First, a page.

The Corvallis City Council meets remotely at 6 p.m. Monday with two high-profile items on the agenda.
Councilors will deliberate on the annexation agreement involving 118 acres of property owned by David Lin near the roundabout at 53rd Street/West Hills Road. Also, the council will act upon a motion from Ward 2 Councilor Charles Maughan to discontinue posting and cleaning up homeless camps.
Those wishing to monitor the meeting can do so by registering at https://attendee.gotowebinar.com/register/4389085906891990799. The record is closed on the Lin annexation question, but residents are welcome to comment on other matters on or off the agenda. Those who wish to offer verbal testimony either via telephone or through their computer must register with City Recorder at Carla Holzworth Carla.email@example.com or 541-766-6729, Ext. 5075 by 9 a.m. Monday.
Here is a look at the two key issues:
The council held a public hearing on the annexation at its June 21 meeting, but requests to hold the record open and to allow Lin to make a final argument postponed deliberations until Monday.
Key issues brought up by those testifying and councilor questions of staff and Lin involved Lin’s plans for an additional collector street that would connect 53rd Street with 35th Street via Sagebrush Drive in the Retreat student housing complex. The intent of adding the new street is to ease the traffic pressure on narrow West Hills Road at the south end of the property
Lin’s 118 are currently used as a tree farm, but Lin hopes to build housing on the property. Several steps must be taken before Lin can build — or even before Lin can seek permits to build. Full development of the property could add more than 1,000 units of housing — and perhaps more than 2,000.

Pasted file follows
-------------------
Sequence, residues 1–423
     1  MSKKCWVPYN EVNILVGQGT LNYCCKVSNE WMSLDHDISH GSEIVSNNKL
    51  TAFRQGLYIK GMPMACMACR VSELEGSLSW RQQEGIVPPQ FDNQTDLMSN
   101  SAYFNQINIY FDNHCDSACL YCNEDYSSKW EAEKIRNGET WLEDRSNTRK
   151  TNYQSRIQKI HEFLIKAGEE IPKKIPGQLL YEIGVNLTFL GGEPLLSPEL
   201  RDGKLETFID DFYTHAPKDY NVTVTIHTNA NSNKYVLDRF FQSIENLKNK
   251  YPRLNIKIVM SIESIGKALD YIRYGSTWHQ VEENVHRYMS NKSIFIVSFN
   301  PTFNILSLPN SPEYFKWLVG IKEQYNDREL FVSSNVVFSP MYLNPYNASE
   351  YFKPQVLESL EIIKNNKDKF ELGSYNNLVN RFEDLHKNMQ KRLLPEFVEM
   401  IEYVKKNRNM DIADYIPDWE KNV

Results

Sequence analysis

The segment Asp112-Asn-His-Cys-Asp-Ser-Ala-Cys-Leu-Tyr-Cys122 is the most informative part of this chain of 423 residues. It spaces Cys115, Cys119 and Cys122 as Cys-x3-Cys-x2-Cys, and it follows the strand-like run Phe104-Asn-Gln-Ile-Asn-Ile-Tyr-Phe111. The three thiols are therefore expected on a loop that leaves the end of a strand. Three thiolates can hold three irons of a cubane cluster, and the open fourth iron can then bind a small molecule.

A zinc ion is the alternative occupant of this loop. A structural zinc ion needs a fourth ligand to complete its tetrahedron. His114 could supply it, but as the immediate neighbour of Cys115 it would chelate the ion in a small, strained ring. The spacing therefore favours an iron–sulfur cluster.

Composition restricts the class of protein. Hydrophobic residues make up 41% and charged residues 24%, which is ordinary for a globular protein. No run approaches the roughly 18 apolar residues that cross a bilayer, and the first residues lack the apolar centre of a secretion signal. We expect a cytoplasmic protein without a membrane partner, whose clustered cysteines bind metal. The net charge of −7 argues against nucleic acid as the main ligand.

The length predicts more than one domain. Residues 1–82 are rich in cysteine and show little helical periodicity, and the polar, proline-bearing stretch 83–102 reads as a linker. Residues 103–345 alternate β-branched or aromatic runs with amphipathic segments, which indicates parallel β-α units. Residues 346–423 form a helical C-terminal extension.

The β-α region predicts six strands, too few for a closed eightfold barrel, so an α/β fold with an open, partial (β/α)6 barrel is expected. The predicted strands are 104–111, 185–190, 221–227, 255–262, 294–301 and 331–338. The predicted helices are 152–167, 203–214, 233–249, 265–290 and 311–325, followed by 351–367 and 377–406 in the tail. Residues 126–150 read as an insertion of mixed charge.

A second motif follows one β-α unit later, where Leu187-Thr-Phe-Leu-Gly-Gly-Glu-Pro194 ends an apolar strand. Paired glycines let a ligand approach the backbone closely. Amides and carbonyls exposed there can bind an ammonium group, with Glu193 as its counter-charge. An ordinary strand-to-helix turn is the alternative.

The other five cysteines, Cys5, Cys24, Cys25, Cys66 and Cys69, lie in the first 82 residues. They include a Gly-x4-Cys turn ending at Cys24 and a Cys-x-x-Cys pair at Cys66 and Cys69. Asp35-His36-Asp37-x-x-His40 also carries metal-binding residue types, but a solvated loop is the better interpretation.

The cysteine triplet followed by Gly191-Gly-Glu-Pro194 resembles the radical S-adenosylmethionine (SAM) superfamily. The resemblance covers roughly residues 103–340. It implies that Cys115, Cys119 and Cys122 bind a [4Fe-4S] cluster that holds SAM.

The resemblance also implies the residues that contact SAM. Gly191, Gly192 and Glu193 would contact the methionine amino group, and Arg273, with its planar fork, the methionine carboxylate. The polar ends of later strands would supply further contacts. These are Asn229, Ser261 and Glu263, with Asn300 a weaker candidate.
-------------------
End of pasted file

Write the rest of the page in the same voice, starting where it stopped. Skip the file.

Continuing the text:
Lin wants to develop the property with city codes and infrastructure, which means the property must be annexed into the city’s stock of land. Attempts to do this were tentatively denied Feb. 18, 2018 by the council, which directed Lin to work on an annexation agreement.
That annexation agreement, which has been under discussion and review since that 2018 denial, is what will be considered by the council Monday night. Any decisions on what might be built on the property and what the development looks like would be considered later if the annexation is approved.
The annexation agreement approach is a new process for the city, which since 1977 had sent all annexations to the voters until a 2016 state law limited the city’s ability to do so.
Last week members of the West Hills Neighborhood Association and others expressed concerns to the city that the new public testimony that was submitted to the council was only forwarded to councilors and was not in the council meeting packet when it was issued at 3 p.m. Wednesday. The material was added to the packet and a new email went out with the information at 1 p.m. Thursday.
The Corvallis City Council voted April 5 to begin posting and cleaning up camps on city property by May 15. The city had not been fully enforcing its illegal camping ordinances since March 2020 because of the pandemic.
Councilors said yes to the cleanups amid community concerns about livability, trash, environmental challenges and a diminished ability by residents to use city parks.
Since the cleanups began in the middle of May, however, councilors have faced a steady drumbeat of criticism from the community about the cleanups, with the key question being: Where are the homeless supposed to go?
Ward 2 Councilor Charles Maughan, a key council advocate for the homeless, put forth a motion to stop the cleanups during the councilor reports section of the July 6 meeting.
Here is the text of Maughan’s motion: "To rescind the Council’s previous motion to resume posting and cleaning of camps, until city and/or county staff can present to council options for a designated camp site or sites."
To date, according to the staff report from City Manager Mark Shepard in the council packet, 85 camps have been cleaned up by a combination of Corvallis Parks and Recreation Department and Oregon Department of Transportation crews.
Camps have been cleaned up in Pioneer Park, the BMX area, the skate park area, the Orleans and Berg natural areas and Willamette Park.
In addition to the council vote the council and the Benton County Board of Commissioners are tentatively scheduled to meet Aug. 5 to discuss developing more shelter capacity. This will be the third such meeting between the two bodies.